The killing of Gen. Qassen Soleimani stoked fears Sunday that people of Iranian descent in the United States would come under heightened surveillance and led to reports that Iranian Americans were being detained at the U.S.-Canada border, which Customs and Border Protection denied.
The Washington state chapter of the Council on American-Islamic Relations, or CAIR, claimed that dozens of Iranians and Iranian Americans had been detained and questioned about their political views and allegiances as they returned to the United States from a pop concert in Canada on Saturday night.
But a spokesman for Customs and Border Protection, or CBP, called the report “false.”
“Based on the current threat environment, CBP is operating with an enhanced posture” at its border crossings to “safeguard our national security and protect the America[n] people while simultaneously protecting the civil rights and liberties of everyone,” the agency said in a statement.
CBP said wait times at the border crossing in Blaine, Washington, where the concertgoers were alleged to have been detained, increased to four hours for some people because of reduced staffing and increased traffic.
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Nevertheless, responses to Soleimani’s killing from President Donald Trump and the Los Angeles Police Department have triggered fear and anxiety about what could come next, said Niaz Kasravi, founder and director of the Avalan Institute, an advocacy group based in Los Angeles.
“We seem to always be at the brink of conflict between our two countries in one way or another,” said Kasravi, who was born in Tehran and moved to the United States in 1984, when she was 9. “For a lot of us, it is the most serious we’ve seen it.”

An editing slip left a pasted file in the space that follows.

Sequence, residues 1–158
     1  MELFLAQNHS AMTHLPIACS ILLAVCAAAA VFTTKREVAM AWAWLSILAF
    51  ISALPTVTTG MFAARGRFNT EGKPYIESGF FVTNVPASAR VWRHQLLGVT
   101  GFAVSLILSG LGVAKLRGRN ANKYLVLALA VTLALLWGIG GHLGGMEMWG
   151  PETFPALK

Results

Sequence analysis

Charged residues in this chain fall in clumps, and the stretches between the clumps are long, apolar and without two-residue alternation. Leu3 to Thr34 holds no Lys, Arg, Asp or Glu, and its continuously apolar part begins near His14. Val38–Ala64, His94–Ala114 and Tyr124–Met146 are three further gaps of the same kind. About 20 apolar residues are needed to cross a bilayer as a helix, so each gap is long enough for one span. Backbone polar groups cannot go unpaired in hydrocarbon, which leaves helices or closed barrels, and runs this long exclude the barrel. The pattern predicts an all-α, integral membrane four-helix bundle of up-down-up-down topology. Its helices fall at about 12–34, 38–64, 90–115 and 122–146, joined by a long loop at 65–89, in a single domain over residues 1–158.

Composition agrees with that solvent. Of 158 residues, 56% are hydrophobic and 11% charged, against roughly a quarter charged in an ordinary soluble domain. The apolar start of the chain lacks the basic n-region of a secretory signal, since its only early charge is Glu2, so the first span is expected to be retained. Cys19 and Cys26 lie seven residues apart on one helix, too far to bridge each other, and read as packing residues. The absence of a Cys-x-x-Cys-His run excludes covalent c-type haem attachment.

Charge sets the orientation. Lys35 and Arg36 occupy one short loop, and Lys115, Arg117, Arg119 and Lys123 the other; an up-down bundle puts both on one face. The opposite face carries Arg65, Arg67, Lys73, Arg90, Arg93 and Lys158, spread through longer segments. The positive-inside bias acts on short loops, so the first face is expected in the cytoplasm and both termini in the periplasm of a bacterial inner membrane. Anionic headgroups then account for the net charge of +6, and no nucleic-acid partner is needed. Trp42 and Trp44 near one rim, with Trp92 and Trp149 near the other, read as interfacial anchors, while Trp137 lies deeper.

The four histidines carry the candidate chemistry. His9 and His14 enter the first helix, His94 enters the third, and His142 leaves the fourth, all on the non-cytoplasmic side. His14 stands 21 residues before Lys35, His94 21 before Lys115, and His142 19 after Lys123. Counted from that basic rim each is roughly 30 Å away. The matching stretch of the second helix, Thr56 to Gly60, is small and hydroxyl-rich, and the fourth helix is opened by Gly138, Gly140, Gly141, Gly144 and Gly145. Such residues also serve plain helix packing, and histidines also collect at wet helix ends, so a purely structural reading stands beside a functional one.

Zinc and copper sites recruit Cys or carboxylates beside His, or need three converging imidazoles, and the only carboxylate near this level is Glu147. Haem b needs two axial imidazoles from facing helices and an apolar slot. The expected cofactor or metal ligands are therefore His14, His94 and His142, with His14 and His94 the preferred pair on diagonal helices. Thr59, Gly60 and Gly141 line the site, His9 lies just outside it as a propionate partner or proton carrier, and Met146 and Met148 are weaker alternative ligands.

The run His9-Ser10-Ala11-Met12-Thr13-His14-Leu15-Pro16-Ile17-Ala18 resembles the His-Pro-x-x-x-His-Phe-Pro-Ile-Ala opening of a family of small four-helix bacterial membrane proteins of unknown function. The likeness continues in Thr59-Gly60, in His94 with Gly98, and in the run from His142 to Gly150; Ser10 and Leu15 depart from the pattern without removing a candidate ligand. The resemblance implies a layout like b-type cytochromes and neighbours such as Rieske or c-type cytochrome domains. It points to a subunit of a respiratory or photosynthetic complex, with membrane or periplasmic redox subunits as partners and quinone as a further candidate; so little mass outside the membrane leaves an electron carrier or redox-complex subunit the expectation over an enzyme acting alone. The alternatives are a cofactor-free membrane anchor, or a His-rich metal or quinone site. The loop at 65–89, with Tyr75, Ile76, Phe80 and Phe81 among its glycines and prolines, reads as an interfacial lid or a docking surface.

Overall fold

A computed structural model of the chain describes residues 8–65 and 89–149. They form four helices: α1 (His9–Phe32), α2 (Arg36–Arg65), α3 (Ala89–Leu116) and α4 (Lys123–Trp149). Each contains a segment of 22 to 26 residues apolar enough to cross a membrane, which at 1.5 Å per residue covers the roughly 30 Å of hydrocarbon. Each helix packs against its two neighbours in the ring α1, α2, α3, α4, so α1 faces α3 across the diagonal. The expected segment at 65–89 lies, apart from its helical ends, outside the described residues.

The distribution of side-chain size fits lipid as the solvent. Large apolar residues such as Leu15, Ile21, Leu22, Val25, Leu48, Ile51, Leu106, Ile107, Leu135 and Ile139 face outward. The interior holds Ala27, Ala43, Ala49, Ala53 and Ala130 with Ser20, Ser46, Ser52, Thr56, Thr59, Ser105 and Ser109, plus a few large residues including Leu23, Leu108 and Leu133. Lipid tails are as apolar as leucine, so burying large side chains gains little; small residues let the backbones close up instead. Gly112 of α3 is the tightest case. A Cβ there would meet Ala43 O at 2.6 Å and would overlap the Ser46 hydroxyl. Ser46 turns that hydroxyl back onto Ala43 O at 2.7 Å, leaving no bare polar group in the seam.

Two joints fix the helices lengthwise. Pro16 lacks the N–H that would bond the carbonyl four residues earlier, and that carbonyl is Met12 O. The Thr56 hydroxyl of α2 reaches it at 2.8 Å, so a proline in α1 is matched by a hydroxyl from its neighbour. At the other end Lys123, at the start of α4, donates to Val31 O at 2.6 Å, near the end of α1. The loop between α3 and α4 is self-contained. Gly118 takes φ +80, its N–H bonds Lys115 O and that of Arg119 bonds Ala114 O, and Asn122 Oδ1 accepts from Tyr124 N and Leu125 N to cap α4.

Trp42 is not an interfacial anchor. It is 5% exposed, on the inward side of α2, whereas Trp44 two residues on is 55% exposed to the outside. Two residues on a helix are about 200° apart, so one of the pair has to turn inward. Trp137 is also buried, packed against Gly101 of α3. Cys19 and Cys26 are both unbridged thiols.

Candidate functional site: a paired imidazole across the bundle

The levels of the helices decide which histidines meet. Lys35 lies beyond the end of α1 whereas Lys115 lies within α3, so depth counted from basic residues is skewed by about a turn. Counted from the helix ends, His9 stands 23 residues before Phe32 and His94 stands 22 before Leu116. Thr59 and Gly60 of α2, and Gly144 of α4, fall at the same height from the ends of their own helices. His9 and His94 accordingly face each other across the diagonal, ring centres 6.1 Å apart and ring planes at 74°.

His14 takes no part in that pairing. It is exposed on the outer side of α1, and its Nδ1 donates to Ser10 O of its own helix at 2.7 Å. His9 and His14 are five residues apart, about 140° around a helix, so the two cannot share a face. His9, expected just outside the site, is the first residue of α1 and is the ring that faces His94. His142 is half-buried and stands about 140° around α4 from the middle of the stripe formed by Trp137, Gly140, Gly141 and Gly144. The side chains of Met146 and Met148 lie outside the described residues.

Rep. Pramila Jayapal, D-Wash., said Sunday that she was “deeply disturbed” by CAIR’s report and that her office was working on the issue. Rep. Barbara Lee, D-Calif., offered her office’s phone number for people to report cases of detention.
Azadeh Shahshahani, legal and advocacy director of Project South, a human rights group based in Atlanta, tweeted Saturday that surveillance of Iranian Americans and others was sure to escalate “in light of US aggression against Iran.”
She said in an interview that since the terrorist attacks of Sept. 11, 2001, she has seen the FBI question people who migrated from other countries when the United States was involved in conflicts with those countries. The weekend before the 2016 elections, she said, Project South handled cases of Afghan and Pakistani descent being questioned by the agency.
“Especially now in the current atmosphere … it’s really important for Iranian Americans and Muslim Americans to be aware that they have rights if targeted by the FBI,” she said. “One of them is the right to counsel.”
Shahshahani said she was not aware of anyone being contacted by the FBI since the Iran tensions ratcheted up. The FBI did not immediately respond to a request for comment Sunday night.
In Los Angeles, which has more residents of Iranian ancestry that any other U.S. city, an Assembly member of Iranian descent, Adrin Nazarian, said people were unlikely to take to the streets even if they were “happy there’s one less brutal individual in the world.”
Nazarian said many Los Angeles transplants fled Iran during the 1979 revolution because they were members of minority religious groups and likely faced persecution under the new regime. But they still have relatives in Iran, he added.
“A lot of times, you’ll see some folks not wanting to be too vocal outside Iran out of fear for consequences for their loved ones,” Nazarian said.
Dennis Romero contributed.